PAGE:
Rose Uniacke were delighted to exhibit at the 10th anniversary of PAD London in the historical Berkeley Square, which showcases collectables and rare art amongst new technological developments and ancient relics. Surrounded by the unique artistic pieces on display, Rose Uniacke displayed key pieces collected by Rose herself to create her signature scene of serenity.

The first room was alive with textured foliage held in old english pots circa the 1900s, showcasing various designs from angular stone planters to engraved terracotta, bringing nature inside.  The room was lit by a twenty four sided pendant lantern in patinated brass with bevelled glass, hanging from a chain of elongated rings, in the original condition circa 1900.  The natural oasis was also boosted by a flamboyant shellwork side table circa 1970, in the taste of Louis XV, encrusted in various shells of cowry, giant clam and scallops amongst other species. 



The ornate side table was enhanced by a gilded iron and bead mirror mounted above.  The outline of this beautifully made mirror owes its pattern to the 'Marginal' or 'Cushion' mirrors of late Seventeenth century Northern Europe, however the frivolity of the decoration is far closer to that seen in the workshops of Venice - a fineness of line, colour & understanding of refracting light.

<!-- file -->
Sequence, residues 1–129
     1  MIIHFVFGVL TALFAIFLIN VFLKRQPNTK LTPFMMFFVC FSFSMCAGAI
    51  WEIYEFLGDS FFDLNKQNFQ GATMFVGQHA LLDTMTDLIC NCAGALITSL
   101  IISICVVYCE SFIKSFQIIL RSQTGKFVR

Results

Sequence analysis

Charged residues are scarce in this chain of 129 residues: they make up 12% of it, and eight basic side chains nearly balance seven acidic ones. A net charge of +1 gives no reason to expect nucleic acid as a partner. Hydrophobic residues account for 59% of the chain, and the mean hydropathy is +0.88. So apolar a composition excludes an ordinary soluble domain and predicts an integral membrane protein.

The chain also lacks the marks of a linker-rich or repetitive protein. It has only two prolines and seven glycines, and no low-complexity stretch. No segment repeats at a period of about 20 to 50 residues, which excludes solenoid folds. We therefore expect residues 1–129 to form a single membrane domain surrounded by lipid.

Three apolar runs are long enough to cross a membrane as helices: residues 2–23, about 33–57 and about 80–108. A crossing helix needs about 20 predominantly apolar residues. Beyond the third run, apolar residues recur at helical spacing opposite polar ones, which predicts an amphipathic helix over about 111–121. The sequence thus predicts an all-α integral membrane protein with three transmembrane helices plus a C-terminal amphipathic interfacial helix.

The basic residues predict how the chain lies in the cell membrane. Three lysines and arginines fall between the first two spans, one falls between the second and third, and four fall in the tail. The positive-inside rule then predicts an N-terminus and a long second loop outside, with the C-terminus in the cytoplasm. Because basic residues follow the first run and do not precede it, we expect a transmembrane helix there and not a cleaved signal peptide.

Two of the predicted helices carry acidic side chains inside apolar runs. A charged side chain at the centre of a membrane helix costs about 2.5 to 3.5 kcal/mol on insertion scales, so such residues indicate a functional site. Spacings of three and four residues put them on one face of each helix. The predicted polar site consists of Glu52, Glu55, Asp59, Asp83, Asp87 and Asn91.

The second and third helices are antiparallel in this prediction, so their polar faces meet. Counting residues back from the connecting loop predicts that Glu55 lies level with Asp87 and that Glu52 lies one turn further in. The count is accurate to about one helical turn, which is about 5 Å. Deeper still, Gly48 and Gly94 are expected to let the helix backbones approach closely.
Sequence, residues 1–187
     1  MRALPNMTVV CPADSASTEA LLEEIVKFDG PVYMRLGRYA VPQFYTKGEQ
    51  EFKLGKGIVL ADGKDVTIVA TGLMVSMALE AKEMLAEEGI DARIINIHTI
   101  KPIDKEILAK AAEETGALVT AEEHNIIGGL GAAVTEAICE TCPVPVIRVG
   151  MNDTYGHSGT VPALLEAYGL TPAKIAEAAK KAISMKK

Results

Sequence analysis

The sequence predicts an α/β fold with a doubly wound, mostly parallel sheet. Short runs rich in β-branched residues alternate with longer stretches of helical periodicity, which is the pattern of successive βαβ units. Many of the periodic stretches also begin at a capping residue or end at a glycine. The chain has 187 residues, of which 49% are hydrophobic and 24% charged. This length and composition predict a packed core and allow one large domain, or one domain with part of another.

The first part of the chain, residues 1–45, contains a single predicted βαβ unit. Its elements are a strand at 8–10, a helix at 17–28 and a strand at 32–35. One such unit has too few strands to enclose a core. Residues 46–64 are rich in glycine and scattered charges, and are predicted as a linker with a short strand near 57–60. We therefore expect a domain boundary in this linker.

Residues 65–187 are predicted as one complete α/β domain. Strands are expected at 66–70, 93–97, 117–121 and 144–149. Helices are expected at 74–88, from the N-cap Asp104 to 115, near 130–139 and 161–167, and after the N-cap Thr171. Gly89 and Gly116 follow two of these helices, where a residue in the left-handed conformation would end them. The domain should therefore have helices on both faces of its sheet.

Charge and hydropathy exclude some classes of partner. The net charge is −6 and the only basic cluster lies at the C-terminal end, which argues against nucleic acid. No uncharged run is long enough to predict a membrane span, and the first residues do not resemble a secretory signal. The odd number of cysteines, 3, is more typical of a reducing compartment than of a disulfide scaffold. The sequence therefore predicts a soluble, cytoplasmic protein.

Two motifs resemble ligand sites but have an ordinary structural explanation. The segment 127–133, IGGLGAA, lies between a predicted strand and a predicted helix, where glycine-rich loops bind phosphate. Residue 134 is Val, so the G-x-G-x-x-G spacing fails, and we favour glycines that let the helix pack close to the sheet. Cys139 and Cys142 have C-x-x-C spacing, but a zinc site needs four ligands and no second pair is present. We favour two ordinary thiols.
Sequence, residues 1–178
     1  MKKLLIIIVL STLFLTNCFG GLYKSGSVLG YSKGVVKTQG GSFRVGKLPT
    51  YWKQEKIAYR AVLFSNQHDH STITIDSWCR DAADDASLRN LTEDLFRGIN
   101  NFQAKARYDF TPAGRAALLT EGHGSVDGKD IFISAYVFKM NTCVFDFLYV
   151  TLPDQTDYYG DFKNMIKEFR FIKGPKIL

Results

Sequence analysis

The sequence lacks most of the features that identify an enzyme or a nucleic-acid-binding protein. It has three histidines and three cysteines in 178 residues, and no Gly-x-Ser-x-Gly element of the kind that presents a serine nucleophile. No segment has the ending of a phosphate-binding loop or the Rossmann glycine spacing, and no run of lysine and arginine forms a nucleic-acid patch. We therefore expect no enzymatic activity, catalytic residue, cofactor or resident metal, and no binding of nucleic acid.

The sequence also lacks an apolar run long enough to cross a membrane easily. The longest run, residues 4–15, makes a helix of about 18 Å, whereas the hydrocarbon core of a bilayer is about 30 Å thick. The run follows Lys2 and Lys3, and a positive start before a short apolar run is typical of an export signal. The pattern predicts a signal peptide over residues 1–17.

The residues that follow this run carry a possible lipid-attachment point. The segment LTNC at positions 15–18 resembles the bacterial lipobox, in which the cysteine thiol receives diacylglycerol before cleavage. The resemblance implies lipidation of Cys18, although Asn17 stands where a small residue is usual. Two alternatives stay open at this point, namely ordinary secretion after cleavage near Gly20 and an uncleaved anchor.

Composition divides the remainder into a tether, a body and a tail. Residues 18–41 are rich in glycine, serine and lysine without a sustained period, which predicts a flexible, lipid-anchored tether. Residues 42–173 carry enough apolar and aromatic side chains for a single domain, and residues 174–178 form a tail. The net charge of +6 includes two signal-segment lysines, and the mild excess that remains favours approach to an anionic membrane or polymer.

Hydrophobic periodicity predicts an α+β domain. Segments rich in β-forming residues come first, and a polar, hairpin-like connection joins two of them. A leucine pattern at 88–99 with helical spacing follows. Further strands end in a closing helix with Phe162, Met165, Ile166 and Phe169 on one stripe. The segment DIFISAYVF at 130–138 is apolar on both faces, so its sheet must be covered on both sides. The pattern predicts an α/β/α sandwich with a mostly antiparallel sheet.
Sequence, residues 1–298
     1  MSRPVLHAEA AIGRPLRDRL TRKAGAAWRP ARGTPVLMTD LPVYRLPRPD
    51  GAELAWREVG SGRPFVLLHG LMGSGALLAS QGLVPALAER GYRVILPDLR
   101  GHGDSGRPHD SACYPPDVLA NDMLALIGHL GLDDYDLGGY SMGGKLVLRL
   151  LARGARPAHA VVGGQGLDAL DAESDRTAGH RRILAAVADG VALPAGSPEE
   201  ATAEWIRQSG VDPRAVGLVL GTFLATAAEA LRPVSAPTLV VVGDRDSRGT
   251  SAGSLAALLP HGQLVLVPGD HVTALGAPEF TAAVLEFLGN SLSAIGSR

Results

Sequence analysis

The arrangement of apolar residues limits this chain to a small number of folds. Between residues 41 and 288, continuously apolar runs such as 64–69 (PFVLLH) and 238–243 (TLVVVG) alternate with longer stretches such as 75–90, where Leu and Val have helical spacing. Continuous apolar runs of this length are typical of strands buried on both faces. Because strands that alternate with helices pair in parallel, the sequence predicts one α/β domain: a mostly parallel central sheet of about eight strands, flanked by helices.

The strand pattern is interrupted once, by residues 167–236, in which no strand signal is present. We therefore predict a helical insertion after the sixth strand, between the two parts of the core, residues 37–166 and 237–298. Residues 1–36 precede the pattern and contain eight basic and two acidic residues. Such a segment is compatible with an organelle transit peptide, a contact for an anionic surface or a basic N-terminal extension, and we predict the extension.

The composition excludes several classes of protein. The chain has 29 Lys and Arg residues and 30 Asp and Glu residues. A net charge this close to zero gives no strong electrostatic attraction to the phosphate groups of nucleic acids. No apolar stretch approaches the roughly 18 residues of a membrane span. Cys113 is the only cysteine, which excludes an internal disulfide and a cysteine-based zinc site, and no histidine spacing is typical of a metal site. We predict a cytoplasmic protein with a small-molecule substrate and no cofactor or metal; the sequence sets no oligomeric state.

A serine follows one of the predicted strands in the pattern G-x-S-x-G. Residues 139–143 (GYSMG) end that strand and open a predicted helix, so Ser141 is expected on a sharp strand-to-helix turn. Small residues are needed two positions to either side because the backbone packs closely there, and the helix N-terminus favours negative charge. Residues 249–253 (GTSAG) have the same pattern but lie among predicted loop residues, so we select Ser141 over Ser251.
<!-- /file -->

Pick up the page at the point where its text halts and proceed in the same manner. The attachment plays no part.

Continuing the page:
The second room continued natural the theme, featuring polished copper lantern above a pair of reupholstered light ‘Muslinge-Stolen’ clam chairs, the Danish teak veneer pedestal desk, fronted by a lathe-turned bobbin style Josef Zotti chair with a wood frame and the ‘Banco Terrao’ bench by Domingos Totora



The pedestal desk was designed in 1958 and manufactured by Lauritsen & Son, in Denmark.  Of handsome proportion and posture, it features finely coloured teak veneer with a rectangular top on plinth bases.  The pedestals have four and five graduating drawers with the original brass handles. 



The clam chair has a squat beech frame, and features polished veneered beech loop armrests and club feet.  They were falsely attributed to the phantom Norweigien designer Martin Olsen.  After extensive research, Bruun Rasmussen Auction House have discovered that they were in fact designed by the Danish architect Philip Arctander (1916-1994) and were called "Muslinge-Stolen" (Clam Chair).  This is verified by Arctander's colleague, architect Poul Erik Skriver, finally giving these chairs a solid attribution to Denmark, circa 1944.  

The chairs were lit by the standard lamp, of experimental 'easel' form and electrification, with a tin shade and original horseshoe bakelite socket.  The mechanism is similar to Dupre-Lafon's valet for Hermes.  The lamp is probably French, circa 1930.  The Banco Terrao bench of recycled and painted cardboard in a burnt umber hue, standing on simple iron supports, held a collection of detailed vases, including the art deco vase by Paul Mergier; a brass-ware vase with coloured patina, showing stylised fruiting vines and foliage. 


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